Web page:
Search found 7719 matches

by Erik_Kowal
Thu Mar 17, 2005 4:13 am
Forum: Word Origins and Meanings
Topic: dude
Replies: 22
Views: 6963

dude

Would it be superfluous for me to draw attention to that other great lexicographical resource, Duden -- Das große Wörterbuch der deutschen Sprache, the definitive dictionary of the German language?
by Erik_Kowal
Thu Mar 17, 2005 3:05 am
Forum: Usage and Writing
Topic: analogy vs metaphor
Replies: 19
Views: 65805

analogy vs metaphor

I suppose it is the Miner Prophets that have made Humpbacked Wales possible... Bob?
by Erik_Kowal
Thu Mar 17, 2005 2:53 am
Forum: Usage and Writing
Topic: beer or beers
Replies: 23
Views: 5579

beer or beers

It must be time to bail out.
by Erik_Kowal
Wed Mar 16, 2005 4:25 am
Forum: Word Origins and Meanings
Topic: gun
Replies: 1
Views: 1002

gun

You will find a good explanation of the etymology at http://www.wordwizard.com/phpbb3/viewto ... hTerms=gun .

As to the history of the gun, revolver, rifle, etc etc, you will find a better online answer to your query using the Wikipedia encyclopedia or similar resource.
by Erik_Kowal
Tue Mar 15, 2005 4:48 pm
Forum: Usage and Writing
Topic: repertory
Replies: 4
Views: 3342

repertory

To answer the last of your most recent points first: Yes, once Marian Anderson is dead, everything she sang belongs to her repertoire.

In order to be precise about the songs she includes in any given concert, I would recommend you use 'program', because this implies a particular selection of pieces.
by Erik_Kowal
Sun Mar 13, 2005 4:13 am
Forum: Word Origins and Meanings
Topic: shoo-in (often misspelled as shoe-in)
Replies: 3
Views: 2827

shoo-in (often misspelled as shoe-in)

Scott,

See the previous discussion on this topic at http://www.wordwizard.com/phpbb3/viewtopic.php?t=17045
by Erik_Kowal
Fri Mar 11, 2005 7:13 pm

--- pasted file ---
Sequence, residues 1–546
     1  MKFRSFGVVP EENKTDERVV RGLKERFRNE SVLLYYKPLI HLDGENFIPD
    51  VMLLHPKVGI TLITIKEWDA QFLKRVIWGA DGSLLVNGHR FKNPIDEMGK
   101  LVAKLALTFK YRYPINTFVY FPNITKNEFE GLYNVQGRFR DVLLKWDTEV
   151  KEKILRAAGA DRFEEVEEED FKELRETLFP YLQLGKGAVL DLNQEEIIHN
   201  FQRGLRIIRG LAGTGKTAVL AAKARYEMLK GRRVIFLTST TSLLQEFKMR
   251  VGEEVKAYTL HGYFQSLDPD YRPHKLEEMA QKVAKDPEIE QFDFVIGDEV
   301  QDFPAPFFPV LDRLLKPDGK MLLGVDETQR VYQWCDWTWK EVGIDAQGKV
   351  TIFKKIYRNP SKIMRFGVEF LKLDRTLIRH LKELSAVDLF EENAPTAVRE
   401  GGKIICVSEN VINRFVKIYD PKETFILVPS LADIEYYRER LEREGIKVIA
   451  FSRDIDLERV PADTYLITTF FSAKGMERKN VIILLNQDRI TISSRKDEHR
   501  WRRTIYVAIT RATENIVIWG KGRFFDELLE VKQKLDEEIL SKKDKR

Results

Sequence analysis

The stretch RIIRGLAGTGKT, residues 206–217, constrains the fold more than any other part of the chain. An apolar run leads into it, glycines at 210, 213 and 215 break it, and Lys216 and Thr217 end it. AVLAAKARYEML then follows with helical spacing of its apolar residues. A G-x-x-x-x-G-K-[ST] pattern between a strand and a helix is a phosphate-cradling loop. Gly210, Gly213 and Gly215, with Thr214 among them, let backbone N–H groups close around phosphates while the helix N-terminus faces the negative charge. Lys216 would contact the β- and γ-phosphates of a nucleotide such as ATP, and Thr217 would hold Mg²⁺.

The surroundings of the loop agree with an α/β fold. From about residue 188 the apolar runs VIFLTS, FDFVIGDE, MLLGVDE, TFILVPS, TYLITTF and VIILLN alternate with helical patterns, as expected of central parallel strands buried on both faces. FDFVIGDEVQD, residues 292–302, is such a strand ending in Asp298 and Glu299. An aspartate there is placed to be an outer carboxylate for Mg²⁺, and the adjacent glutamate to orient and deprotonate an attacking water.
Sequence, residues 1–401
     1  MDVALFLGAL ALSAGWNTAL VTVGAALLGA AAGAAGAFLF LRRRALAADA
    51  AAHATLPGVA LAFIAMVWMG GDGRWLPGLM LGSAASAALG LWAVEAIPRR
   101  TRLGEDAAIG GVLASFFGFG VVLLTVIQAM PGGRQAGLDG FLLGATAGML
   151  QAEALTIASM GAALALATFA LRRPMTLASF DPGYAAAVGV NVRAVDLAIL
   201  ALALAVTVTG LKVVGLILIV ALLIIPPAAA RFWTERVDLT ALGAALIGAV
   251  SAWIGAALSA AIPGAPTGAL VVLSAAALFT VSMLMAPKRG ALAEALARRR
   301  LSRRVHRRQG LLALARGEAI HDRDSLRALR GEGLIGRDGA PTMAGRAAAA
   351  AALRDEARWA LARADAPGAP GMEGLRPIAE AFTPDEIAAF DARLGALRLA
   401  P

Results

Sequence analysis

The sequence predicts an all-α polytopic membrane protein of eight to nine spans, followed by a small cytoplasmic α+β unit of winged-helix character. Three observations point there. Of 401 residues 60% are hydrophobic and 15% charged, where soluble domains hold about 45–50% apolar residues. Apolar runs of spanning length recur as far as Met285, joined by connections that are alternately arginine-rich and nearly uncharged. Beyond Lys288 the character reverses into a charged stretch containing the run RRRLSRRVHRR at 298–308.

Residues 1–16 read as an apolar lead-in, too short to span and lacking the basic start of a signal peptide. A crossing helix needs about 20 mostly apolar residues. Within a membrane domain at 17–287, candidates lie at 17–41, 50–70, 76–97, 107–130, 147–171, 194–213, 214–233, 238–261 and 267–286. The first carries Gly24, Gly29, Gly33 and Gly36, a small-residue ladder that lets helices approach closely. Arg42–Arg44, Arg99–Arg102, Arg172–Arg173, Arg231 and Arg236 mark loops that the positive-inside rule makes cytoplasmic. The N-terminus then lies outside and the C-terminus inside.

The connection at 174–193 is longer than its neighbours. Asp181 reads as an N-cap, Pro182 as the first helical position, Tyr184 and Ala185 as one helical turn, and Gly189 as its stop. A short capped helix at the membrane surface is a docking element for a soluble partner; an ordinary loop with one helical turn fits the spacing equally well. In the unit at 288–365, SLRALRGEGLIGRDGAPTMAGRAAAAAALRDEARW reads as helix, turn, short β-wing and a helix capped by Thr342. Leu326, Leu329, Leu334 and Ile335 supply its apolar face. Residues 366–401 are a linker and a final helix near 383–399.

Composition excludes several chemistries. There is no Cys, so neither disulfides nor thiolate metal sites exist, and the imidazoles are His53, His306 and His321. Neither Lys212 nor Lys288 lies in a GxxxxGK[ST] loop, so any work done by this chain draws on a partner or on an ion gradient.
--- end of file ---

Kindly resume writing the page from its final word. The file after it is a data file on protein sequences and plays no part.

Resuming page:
Forum: Word Origins and Meanings
Topic: pair
Replies: 8
Views: 1716

pair

Russ, I would contend that the word corresponding to 'trio' and 'quartet' in a musical context is not 'pair' but 'duo'. On the other hand, at least in England it would be perfectly idiomatic for an exasperated mother to exclaim to her misbehaving children, "You make a right pair!" or "What a pair yo...
by Erik_Kowal
Thu Mar 10, 2005 8:48 am
Forum: Word Origins and Meanings
Topic: squeegee
Replies: 12
Views: 3504

squeegee

It is tempting to fantasise that 'squilgee' is a conflation of 'squishy' and 'bilge' that would be very much in keeping with having to deal with congealing-gut-encrusted decking.
by Erik_Kowal
Wed Mar 09, 2005 4:38 am
Forum: Word Origins and Meanings
Topic: rectitude on TV
Replies: 9
Views: 2440

rectitude on TV

If you insist, Dale...! Would you say that a 'pillar of rectitude' could also be called a 'colon'?
by Erik_Kowal
Wed Mar 09, 2005 2:50 am
Forum: Word Origins and Meanings
Topic: coupe and saloon / American vs. British automotive-related terms
Replies: 34
Views: 10079

coupe and saloon / American vs. British automotive-related t

Bozo, 'Tailgating' seems to be a universal term for this universal phenomenon in the English-speaking world. Judging by their hand positions and the movements of their jaws, half the time the moronic perpetrators have poorly-embedded surgical implants in the sides of their heads which they are despe...
by Erik_Kowal
Tue Mar 08, 2005 11:34 pm
Forum: Word Origins and Meanings
Topic: spunky
Replies: 7
Views: 3927

spunky

Hans Joerg, in my view there is a pretty good case to be made that "spunk = semen" directly reflects the second of Ken's senses of the word, namely "spark, spirit, liveliness, animation, full of life, animated". After all, semen is not only literally the carrier of new life, many, especially eastern...
by Erik_Kowal
Tue Mar 08, 2005 11:24 pm
Forum: Word Origins and Meanings
Topic: rectitude on TV
Replies: 9
Views: 2440

rectitude on TV

How about 'weekly'?
by Erik_Kowal
Tue Mar 08, 2005 8:23 pm
Forum: Word Origins and Meanings
Topic: spunky
Replies: 7
Views: 3927

spunky

There is one associated sense of the word 'spunk' that is missing here; in addition to all those listed above, it also carries the meaning 'semen', which Cassell's Dictionary of Slang tells me dates from the late 19 C and has given rise to a number of other terms such as 'to spunk/spunk off' (ejacul...
by Erik_Kowal
Tue Mar 08, 2005 7:20 am
Forum: Word Origins and Meanings
Topic: coupe and saloon / American vs. British automotive-related terms
Replies: 34
Views: 10079

coupe and saloon / American vs. British automotive-related t

Simon's comment about the perceived pun on Bag End and cul-de-sac makes me curious about how 'Bag End' was translated in the French version of The Hobbit.
by Erik_Kowal
Tue Mar 08, 2005 6:11 am
Forum: Word Origins and Meanings
Topic: It's snowing to beat the band
Replies: 1
Views: 1454

It's snowing to beat the band

Evah, this very phrase has already been discussed in http://www.wordwizard.com/phpbb3/viewtopic.php?t=5080